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Thursday, July 09, 2015 

Superficial coverage of women in the medium by Vanity Fair

Vanity Fair's the latest mainstream source sugarcoating the ostensible breakthrough of women in the medium, in an article that begins with Kelly Sue DeConnick's supposed success:
As one of the comic-book industry’s most successful writers, DeConnick, 44, has been credited with drawing female readers back to comic books. She is the writer of three popular comic-book series, all starring female characters: the Marvel imprint Captain Marvel, the western Pretty Deadly, and Bitch Planet, a cultural satire about an off-planet women’s prison. She writes passionately, both on and off the page, about feminism, female representation, and the need for more female comic-book creators. At San Diego Comic-Con this week, she’ll participate in three separate panels, including a workshop for another group of aspiring comic-book artists.
I think she's just been credited by phonies like Vox. Sales numbers don't reflect their claim, and there's more on that along the later paragraphs. A better argument would be whether she's managed to draw them back to the Big Two, and that sure doesn't seem to be the case.
In 2011, Steve Wacker, the vice president of animation at Marvel Comics, proposed the relaunch of the publisher’s classic Ms. Marvel comic-book series, with one caveat: the superhero, Carol Danvers, would assume the name of Captain Marvel. Several superheroes have donned the Captain Marvel jumpsuit over the years, both male and female. But Wacker wanted someone tougher and more symbolic of comics’ changing demographic. “I wanted a lady Chuck Yeager,” he told me recently.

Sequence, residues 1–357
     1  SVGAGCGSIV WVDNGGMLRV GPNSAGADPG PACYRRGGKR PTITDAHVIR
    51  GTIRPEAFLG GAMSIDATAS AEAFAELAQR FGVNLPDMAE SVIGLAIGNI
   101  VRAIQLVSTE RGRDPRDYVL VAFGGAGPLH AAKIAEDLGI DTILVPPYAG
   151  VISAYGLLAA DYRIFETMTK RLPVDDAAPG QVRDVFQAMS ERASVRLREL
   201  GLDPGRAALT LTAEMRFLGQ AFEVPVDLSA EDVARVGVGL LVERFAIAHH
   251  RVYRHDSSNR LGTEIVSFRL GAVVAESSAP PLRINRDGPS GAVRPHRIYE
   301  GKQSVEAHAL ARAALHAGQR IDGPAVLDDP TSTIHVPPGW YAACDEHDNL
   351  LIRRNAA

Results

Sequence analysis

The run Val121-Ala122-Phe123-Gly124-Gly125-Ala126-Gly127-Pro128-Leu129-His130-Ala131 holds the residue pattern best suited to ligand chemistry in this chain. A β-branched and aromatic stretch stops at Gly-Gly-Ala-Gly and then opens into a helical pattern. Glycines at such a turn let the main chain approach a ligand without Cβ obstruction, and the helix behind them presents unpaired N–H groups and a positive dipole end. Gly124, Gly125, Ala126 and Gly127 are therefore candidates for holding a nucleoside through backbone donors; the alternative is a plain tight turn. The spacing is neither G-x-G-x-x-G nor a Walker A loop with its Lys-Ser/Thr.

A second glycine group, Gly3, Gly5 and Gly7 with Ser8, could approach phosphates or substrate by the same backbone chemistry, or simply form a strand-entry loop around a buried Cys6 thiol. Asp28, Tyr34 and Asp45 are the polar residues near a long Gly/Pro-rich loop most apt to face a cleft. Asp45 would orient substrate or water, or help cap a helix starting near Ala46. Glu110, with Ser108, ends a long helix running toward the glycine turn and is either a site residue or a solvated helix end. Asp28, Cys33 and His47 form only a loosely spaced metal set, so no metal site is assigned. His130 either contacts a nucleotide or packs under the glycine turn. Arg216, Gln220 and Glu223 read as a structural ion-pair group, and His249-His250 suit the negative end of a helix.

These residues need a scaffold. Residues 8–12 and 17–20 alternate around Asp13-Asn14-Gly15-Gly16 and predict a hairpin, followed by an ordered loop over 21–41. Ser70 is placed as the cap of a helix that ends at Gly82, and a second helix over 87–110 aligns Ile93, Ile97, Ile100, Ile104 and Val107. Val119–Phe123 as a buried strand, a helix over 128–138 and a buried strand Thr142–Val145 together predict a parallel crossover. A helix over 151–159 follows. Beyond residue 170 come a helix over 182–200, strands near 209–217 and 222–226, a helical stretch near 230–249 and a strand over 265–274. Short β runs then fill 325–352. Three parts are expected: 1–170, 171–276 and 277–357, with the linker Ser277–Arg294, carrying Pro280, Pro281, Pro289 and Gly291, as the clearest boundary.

Wacker offered the job to DeConnick, who had pitched a new Ms. Marvel series earlier that year. Within the hour, she had sent him a dozen articles about female pilots in World War II. She also offered suggestions for a new costume. The previous one—thigh-high boots, black swimsuit, and opera gloves—felt somewhat dated. “This is a woman with a military background, a feminist background,” DeConnick said. “The idea that she would be flying around with her ass hanging out is ridiculous.”
There's feminist backgrounds and there's feminist backgrounds and DeConnick's is one that sees sexuality everywhere, and thinks it's only a bad thing. I wonder if that's her take on Wonder Woman too? It sounds like the same mentality that's gone after J. Scott Campbell and company. That second costume design for Ms. Marvel by Dave Cockrum was very good, and feminist or not, it was a good fit for the character.

As for demographics, Marvel certainly isn't finding much of them, if at all. There are women getting into products from smaller publishers. But Marvel's? Again, sales aren't echoing that, yet VF goes on to say:
Sales of Captain Marvel are solid, but slow compared to DC and Marvel’s biggest titles: around 20,000 a week compared to Amazing Spider-Man’s 100,000 copies. But Carol’s fans are fiercely loyal. After Captain Marvel’s launch, DeConnick began tagging social-media posts related to the book—letters, fan art, cosplay—with the hashtag #carolcorps. It caught on. Fans began referring to themselves as members of the Carol Corps, tweeting photos of themselves reading the books, wearing Captain Marvel T-shirts, or getting Captain Marvel tattoos. A mother and daughter from North Carolina started a Carol Corps cat club, raising money for local cat shelters as a tribute to Carol Danvers’s cat. Another group, the Carol Corps Yarn Brigade, knit Captain Marvel merchandise for sick members of the Carol Corps. “I think it accidentally touched on a real thirst,” DeConnick said. “You’ve got 20,000 monthly readers…in the comic market that’s not that much, but 19,000 of them have tattoos of the main character on their arm . . . it’s something else. It’s a vocal, committed, and supportive fanbase.”
Once again, it's enough to howl with laughter. Even if Spider-Man's getting that much at the moment, it's not spectacular news either. I'm sorry, but if I'd been in a writing gig, much as I wish I could appreciate having an audience, however small, even I'd have to accept that 20,000 is too little to be significant when there's millions more out there who aren't bothering. How odd DeConnick doesn't seem to lament how it's a shame the companies aren't trying to get more people encouraged to buy their products, or making the environment more welcoming for people who don't want to spend so much money on crossovers that interrupt a lot of the books.

When they talk about women new to the market, they parrot what's already been told: